 This can survive to grow into another plasmodium o Feeds on bacteria associated with rotten
when conditions improve. wood & other organic matter.
 Asexual cycle
o One or more cells begin to release acrasin
(cyclic AMP) in response to a depletion in
food
o Other cells are attracted to the source of
acrasin, & begin to release more of it
causing up to 100,000 amoebae to
aggregare into a multicellular
pseudoplasmodium.
 Multicellular pseudopodium behaves like a
small slig with a head, tail & a ventral region.
 The new multicellular slug moves to an
appropriate site where it differentiates into
sporangium & encapsulated certain cells as
spores.
 The spored then disperse, germinate as feeding PHYLUM OPISTHOKONTA
amoebae, & begin to form their own population  Greek: opisthios = “posterior” + kontos = pole
thru mitosis. i.e. “flagellum
 Common characteristics
Dictyostelium (cellular slime mold)  Single posterior flagellum
 Body Structure
 Trophic amoebae aggragate to form a  Some species grow as either multicellular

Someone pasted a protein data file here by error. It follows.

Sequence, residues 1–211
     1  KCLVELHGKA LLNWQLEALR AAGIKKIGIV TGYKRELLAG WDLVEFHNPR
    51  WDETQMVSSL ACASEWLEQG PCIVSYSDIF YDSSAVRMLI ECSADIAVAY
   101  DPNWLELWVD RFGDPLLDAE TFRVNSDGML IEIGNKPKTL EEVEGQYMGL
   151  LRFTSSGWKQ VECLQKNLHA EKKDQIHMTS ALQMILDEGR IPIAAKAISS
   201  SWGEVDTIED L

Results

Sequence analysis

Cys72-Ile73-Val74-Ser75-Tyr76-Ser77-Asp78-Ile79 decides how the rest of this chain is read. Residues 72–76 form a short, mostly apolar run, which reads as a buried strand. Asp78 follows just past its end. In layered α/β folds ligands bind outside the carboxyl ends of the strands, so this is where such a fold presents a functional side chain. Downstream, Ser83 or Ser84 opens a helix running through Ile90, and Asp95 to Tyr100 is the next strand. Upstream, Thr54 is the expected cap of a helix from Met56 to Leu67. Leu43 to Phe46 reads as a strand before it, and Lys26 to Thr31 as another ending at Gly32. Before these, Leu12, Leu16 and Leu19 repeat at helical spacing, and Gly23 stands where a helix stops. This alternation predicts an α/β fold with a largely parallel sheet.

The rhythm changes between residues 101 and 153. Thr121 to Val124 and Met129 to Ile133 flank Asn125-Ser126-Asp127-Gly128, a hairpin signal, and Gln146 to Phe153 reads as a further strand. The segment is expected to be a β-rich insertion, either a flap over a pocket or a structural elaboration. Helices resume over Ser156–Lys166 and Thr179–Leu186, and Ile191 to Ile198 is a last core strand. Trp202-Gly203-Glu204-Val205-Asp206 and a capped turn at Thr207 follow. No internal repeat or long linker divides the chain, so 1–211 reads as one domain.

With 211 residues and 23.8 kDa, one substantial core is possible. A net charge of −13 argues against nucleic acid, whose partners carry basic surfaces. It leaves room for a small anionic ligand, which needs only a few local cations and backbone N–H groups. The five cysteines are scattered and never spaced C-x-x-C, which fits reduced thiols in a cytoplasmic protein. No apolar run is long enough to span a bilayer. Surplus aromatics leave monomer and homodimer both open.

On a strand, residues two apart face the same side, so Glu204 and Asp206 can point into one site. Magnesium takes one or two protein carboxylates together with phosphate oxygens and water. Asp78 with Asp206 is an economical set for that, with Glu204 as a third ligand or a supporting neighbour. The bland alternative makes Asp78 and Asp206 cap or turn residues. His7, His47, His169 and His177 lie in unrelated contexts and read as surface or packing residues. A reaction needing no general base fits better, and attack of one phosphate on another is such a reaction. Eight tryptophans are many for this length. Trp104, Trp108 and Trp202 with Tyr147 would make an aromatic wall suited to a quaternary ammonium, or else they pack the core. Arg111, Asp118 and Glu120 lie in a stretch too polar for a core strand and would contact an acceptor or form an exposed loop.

pseudoplasmodium filaments or single cells (yeasts); other grow
 Fruiting body composed of stalk cells which as both
secrete cellulose & cells which encyst to form  Consist of mycelia, networks of branched
spores hyphae adapted for absoption
 No flagellated stages known.  Most fungi have cell walls made of chitin
 Divided into
 Holomycota
 fungi & all organisms more closely
related to fungi than to animals
 Holozoa
 animals & all organisms more closely
related to animals than to fungi
 Fungi & animals are more closely related to each
other than they are to plants or other eukaryotes
 DNA evidence suggests that fungi are most closely
related to unicellular nucleariids while animals are
most closely related to unicellular
choanoflagellates

Fossil fungal hyphae


& spores from the
Ordovician perios
(~460 mya)
 This suggests that fungi & animals evolved from a
common flagellated unicellular ancestor &
multicellularity arose separately in two groups
 The oldest undisputed fossils of fungi are only
about 460 million years old